Valeria Dávila Gronros recently co-presented at the “I\V/A\V: Informal Virtual Audio Visual Summit” online on September 15, 2020. The presentation was centered on accessibility to information and making information more accessible to others. Valeria has participated the “No Time To Wait” symposium and has been translating the content of the symposium’s video recordings to Spanish. The symposium’s video presentations are made available every year through YouTube, and Valeria and her co-presenter Joanna White have both been translating and editing auto-generated caption content by using the “community contributions” tool that YouTube plans to discontinue by September 28, 2020. Valeria and her co-presenter talked about their work and how the move to terminate community contributions might affect people relying on this tool, creating an equity issue. A recording of their presentation can be found here by accessing Session 2 of the I\V/A\V content.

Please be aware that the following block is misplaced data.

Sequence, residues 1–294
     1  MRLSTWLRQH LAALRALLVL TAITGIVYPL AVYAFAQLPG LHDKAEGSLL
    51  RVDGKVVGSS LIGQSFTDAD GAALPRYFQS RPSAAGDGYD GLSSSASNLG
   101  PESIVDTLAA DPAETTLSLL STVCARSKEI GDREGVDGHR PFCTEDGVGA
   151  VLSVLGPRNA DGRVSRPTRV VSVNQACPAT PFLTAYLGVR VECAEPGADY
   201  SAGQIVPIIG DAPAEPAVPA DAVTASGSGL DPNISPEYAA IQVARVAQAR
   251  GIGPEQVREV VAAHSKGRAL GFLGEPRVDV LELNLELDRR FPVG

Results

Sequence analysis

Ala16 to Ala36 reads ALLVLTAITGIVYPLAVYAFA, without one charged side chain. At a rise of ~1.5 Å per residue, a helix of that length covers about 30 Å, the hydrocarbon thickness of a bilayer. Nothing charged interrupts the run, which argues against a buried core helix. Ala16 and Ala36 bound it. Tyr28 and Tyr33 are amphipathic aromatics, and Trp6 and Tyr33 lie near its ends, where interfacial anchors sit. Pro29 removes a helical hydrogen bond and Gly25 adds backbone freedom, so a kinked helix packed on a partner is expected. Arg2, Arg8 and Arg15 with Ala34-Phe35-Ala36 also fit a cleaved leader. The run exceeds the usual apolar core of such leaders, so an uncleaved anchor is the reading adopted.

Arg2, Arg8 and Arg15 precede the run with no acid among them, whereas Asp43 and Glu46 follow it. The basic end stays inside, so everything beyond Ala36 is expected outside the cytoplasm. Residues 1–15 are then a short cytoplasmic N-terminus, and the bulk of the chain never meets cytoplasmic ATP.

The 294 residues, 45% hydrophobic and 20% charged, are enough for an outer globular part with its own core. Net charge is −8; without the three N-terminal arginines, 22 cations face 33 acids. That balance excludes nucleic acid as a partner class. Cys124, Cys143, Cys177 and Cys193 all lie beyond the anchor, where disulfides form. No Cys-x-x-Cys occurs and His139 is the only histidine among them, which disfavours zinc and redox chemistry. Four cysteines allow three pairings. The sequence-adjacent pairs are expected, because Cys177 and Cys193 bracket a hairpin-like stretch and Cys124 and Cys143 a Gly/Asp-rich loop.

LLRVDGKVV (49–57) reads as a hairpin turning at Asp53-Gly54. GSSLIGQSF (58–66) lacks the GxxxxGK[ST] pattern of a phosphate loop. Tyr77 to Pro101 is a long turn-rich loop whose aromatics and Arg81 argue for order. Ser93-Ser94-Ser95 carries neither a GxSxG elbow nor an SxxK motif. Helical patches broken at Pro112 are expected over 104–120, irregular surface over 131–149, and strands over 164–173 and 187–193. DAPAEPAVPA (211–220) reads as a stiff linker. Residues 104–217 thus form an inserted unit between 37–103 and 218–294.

Congratulations to Laura, Tara, and Valeria!

Archival Studies Community Partner Panel Discussion

– Alexandra Smith, (MLIS ’18): Digital Archivist, Birmingham Civil Rights Institute
– Kevin Bailey, (Archival Studies Certificate ’20): Digital Archives and Collections Coordinator, UA Center for the Study of Tobacco and Society
– Bob Friedman: Founder/Director, Birmingham Black Radio Museum
– Dr. Alan Blum, MD: UA Center for the Study of Tobacco and Society

SLIS Faculty Present at Faculty Research Day